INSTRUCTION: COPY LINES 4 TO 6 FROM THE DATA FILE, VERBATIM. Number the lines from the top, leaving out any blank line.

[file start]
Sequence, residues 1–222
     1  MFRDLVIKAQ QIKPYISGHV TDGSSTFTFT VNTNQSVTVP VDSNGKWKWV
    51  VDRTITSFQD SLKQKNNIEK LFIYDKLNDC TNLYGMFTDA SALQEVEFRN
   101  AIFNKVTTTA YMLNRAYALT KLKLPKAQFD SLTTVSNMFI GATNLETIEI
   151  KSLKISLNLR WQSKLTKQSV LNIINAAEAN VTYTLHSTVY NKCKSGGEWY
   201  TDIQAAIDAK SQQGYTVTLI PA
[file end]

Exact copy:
   101  AIFNKVTTTA YMLNRAYALT KLKLPKAQFD SLTTVSNMFI GATNLETIEI
   151  KSLKISLNLR WQSKLTKQSV LNIINAAEAN VTYTLHSTVY NKCKSGGEWY
   201  TDIQAAIDAK SQQGYTVTLI PA